- "A losing battle," analysis of federal wildfire-fighting policy, May 26, 2003. Sidebars: "Firespeak catastrophe;" "History is full of big fires;" "Who should pay when houses burn?"
- "The West's biggest bully: Environmentalists in Montana's Flathead County make quiet progress against a 5,000-watt loudmouth," September 15, 2003. Sidebar: "Conservationists work on cooperation," how an ex-journalist turned professional conservationist works the strategy.
- "The big story written small," how most daily newspapers fall short covering environmental and growth issues, October 13, 2003. Sidebars: "One good example: The publisher;" "One good example: The reporter;" "Excellence," a list of some Western dailies doing good work.
- "Tipping the scales," how the Bush administration uses the tradition of stocking judgeships against the environmental movement, February 16, 2004. Sidebar: "Jurisdiction shopping made simple," the apparent leanings of some key federal judges in the West.
Judges' comments: For compelling and provocative coverage of Western natural-resource conflicts. Ring's stories are sweeping in scope, befitting the West's broad canvas, and meticulous in detail, a mark of fine reporting. On topics ranging from wildfires to an anti-environmental shock jock, Ring presents fascinating insights into the region's unique blend of natural wonders and human foibles.
- The 2003 Society of Environmental Journalist's outstanding beat reporting third place award given to Ray Ring for "Wolf at the Door" and other stories.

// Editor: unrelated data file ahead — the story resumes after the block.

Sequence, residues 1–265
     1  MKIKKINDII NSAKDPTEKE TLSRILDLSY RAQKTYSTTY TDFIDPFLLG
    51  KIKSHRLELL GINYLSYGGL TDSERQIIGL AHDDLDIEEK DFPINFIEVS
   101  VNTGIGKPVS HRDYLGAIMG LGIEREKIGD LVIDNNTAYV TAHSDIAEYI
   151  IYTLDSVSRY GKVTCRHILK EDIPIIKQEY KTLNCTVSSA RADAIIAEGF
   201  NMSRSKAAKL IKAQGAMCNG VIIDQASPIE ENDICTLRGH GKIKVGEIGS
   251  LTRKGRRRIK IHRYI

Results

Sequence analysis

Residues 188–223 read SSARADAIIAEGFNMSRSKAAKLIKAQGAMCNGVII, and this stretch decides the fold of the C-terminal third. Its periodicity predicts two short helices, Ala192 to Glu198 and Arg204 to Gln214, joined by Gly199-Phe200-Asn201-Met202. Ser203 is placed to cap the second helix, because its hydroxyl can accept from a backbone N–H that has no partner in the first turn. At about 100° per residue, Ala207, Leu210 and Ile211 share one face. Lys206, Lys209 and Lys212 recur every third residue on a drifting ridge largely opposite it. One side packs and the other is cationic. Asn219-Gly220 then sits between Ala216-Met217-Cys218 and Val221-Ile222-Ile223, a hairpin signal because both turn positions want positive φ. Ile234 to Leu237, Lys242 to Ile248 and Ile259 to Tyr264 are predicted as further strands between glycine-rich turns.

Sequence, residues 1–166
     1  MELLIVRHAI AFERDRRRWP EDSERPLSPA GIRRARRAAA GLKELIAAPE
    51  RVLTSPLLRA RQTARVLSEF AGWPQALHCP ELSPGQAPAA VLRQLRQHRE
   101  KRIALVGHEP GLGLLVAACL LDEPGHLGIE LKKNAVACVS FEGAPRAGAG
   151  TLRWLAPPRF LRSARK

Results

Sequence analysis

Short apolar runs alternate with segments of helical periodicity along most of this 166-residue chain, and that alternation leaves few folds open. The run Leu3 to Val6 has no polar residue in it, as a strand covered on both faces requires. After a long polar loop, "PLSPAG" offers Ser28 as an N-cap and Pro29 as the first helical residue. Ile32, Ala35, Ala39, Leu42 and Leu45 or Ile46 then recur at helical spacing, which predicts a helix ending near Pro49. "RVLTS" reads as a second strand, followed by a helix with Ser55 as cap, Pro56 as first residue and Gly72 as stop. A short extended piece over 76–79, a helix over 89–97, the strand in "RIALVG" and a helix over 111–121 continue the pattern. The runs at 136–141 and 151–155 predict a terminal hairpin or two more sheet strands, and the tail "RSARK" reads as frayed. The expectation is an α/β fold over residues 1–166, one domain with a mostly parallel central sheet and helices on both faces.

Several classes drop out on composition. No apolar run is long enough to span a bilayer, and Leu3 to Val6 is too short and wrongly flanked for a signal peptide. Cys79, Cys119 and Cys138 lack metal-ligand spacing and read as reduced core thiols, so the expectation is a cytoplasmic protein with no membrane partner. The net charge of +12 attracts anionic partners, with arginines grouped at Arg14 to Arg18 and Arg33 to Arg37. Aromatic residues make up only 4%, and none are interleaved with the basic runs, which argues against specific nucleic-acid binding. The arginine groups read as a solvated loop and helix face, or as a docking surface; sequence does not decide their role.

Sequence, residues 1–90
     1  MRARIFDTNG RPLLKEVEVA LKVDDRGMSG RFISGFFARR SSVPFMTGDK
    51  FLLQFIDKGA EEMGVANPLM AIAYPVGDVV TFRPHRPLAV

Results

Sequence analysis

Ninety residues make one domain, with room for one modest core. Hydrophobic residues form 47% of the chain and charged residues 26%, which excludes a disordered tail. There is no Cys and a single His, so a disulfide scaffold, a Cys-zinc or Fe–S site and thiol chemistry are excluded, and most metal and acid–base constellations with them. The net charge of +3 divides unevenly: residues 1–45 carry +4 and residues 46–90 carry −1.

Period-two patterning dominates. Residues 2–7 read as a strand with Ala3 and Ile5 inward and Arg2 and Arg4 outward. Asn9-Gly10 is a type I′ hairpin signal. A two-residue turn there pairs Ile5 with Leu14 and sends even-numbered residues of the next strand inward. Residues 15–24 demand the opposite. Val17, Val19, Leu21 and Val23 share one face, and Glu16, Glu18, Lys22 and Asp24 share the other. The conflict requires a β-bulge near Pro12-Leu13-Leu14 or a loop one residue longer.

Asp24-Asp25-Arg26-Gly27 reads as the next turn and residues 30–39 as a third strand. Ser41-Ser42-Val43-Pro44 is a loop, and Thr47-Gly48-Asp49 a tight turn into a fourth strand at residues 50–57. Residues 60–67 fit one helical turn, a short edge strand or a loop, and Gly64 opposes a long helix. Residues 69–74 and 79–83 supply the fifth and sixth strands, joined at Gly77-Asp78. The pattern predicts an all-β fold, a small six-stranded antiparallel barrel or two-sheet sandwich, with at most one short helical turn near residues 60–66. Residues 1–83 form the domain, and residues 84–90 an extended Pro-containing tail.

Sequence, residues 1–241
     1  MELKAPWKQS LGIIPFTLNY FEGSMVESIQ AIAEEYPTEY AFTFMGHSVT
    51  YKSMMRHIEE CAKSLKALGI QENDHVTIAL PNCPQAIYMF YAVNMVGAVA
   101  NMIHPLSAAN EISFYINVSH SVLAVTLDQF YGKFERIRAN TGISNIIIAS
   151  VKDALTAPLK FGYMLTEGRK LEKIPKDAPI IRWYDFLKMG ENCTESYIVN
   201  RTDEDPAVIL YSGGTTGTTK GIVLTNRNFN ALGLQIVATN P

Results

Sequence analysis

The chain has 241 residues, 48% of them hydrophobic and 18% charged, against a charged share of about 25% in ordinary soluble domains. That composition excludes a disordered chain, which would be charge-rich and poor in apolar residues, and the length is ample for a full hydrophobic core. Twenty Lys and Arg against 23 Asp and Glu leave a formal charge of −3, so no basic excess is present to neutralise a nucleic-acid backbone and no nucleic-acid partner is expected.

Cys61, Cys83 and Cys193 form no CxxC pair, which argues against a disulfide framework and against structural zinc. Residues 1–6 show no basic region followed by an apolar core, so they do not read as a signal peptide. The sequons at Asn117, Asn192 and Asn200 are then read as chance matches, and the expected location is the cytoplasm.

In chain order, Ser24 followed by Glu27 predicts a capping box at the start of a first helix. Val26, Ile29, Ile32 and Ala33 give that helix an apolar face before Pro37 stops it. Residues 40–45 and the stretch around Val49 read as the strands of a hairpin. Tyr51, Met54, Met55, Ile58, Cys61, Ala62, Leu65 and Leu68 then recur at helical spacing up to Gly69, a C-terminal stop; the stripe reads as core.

Judges' comments: Equally at ease writing about wolves or killer bees, about the fervor of snowmobilers or the foibles of Arizona governors, Ray Ring reported scenes so vividly that readers felt taken along for some fascinating rides. A chronicler this skillful didn't have to moralize; he just let the subjects speak for themselves. His stories for High Country News had depth and texture rarely matched by the efforts of publications with much greater resources.
- The 1986 George Polk Award for environmental reporting.
- Deb Dedon on Should the president of the Navajo Nation speak Navajo?
- Deb O'Neill on Wyoming grapples with how to fund wildlife conservation
- Bill Williams on Wyoming grapples with how to fund wildlife conservation
- Nathan Johnson on Wyoming grapples with how to fund wildlife conservation
- Jim Scarborough on For climate activists, a bright spot in a dismal election